TAX SEASON 2022 — How the IRS Backlog Affects You
Friday, March 25, 2022 – The 2022 tax filing season is in full swing, and the IRS is still dealing with a backlog of millions of 2020 paper returns.
As of late December 2021, the IRS had backlogs of 6 million unprocessed original individual returns (Form 1040 series) and 2.3 million unprocessed amended individual returns (Forms 1040-X). For original returns that were e-filed, the IRS has mostly worked through the backlog.
While mail at the IRS continues to pile up or remain unanswered due to COVID and social distancing restrictions, automated notices continue being generated. If you sent documents responding to an IRS letter, most likely your correspondence is hung up in that backlog, and the automated system is oblivious to it.
Acknowledging that it is overwhelmed, the IRS announced that it is suspending some automated notices until the backlog is worked through. However, if you owe the IRS, the suspension of a notice does not equal a suspension of payment. If you believe you owe tax, determine what you can pay, make the payment to stop accruing interest and continue to work with the IRS to resolve the issue. On the other hand, if you get a notice and don’t owe, or you have proof you filed your return on time, just hang tight. There isn’t much you can do but wait for the IRS to catch up on the backlog.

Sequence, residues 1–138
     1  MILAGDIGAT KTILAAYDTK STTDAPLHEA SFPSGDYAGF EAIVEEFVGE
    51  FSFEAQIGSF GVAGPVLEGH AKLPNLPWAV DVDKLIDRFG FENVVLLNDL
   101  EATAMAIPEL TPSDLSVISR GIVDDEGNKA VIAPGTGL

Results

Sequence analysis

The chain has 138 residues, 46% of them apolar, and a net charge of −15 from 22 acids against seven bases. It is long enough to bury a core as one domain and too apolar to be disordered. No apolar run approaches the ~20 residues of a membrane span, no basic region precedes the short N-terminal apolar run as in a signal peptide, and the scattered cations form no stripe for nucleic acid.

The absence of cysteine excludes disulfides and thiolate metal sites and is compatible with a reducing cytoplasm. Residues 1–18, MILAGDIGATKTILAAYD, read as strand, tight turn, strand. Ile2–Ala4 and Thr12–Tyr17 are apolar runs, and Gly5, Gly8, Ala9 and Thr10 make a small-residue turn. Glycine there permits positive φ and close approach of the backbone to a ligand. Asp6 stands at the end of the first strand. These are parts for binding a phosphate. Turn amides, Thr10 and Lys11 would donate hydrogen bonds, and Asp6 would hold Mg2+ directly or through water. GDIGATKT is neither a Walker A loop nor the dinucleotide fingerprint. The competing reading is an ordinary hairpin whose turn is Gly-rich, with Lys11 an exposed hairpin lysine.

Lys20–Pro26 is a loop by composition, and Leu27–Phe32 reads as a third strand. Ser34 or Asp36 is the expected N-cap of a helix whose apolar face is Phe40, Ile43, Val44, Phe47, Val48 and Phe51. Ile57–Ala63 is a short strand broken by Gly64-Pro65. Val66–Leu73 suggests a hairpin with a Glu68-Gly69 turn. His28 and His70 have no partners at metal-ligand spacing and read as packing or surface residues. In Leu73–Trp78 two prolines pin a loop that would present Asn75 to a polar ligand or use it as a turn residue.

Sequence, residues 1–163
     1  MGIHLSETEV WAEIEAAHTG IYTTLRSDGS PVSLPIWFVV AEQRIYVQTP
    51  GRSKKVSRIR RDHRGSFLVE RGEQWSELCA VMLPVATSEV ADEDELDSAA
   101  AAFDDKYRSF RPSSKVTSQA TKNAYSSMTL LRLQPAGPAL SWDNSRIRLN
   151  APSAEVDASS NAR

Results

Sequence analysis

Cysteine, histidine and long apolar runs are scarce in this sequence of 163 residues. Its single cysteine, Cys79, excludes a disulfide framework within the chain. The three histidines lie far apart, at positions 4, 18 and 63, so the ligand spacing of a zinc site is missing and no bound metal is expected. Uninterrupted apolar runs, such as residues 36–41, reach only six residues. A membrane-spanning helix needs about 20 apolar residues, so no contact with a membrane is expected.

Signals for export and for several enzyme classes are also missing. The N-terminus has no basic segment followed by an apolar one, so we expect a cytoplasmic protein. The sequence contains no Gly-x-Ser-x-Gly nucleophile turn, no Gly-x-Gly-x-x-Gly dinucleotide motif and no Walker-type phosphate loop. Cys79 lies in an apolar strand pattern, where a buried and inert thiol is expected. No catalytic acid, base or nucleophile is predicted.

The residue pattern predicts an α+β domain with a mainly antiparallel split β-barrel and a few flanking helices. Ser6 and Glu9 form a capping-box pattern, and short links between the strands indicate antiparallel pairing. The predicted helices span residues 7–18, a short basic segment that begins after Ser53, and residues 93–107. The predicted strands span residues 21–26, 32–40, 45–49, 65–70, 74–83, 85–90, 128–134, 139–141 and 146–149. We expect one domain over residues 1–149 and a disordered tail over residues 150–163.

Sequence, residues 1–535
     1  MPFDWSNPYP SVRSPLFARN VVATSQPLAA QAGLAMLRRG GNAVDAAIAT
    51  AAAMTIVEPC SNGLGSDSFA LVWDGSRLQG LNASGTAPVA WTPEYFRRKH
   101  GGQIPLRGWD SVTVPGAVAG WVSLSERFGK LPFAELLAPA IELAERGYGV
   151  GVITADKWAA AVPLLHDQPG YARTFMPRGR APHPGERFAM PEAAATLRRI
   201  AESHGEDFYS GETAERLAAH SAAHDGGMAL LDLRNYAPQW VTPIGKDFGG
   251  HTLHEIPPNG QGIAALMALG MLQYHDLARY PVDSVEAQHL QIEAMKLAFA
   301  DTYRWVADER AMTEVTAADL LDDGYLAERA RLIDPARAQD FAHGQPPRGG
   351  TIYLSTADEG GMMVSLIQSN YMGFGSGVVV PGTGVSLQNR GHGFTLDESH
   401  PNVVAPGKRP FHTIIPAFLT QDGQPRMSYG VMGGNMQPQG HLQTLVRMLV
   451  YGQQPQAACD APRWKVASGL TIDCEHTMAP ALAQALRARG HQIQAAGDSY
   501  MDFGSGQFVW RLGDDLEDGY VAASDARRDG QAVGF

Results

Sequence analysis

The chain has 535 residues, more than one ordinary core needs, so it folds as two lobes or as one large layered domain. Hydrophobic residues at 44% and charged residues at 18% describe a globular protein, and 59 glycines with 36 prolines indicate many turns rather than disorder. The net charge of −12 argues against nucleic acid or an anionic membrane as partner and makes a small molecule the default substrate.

Ready to get your 2021 taxes filed? Electronic filing and direct deposit are the way to go for the fastest refund. Filing electronically with direct deposit and avoiding a paper tax return is more important than ever this year to avoid refund delays. If you need a tax refund quickly, do not file on paper – use software, a trusted tax professional or Free File on IRS.gov. For taxpayers with no issues with their tax return, the IRS anticipates most will receive their refund within 21 days of when they file electronically and choose direct deposit.
Even before the backlog caused by the pandemic, getting in touch with someone at the IRS was a challenge. Consider setting up an online account with the IRS to access your tax records, make and view payments, manage communication preferences, and more.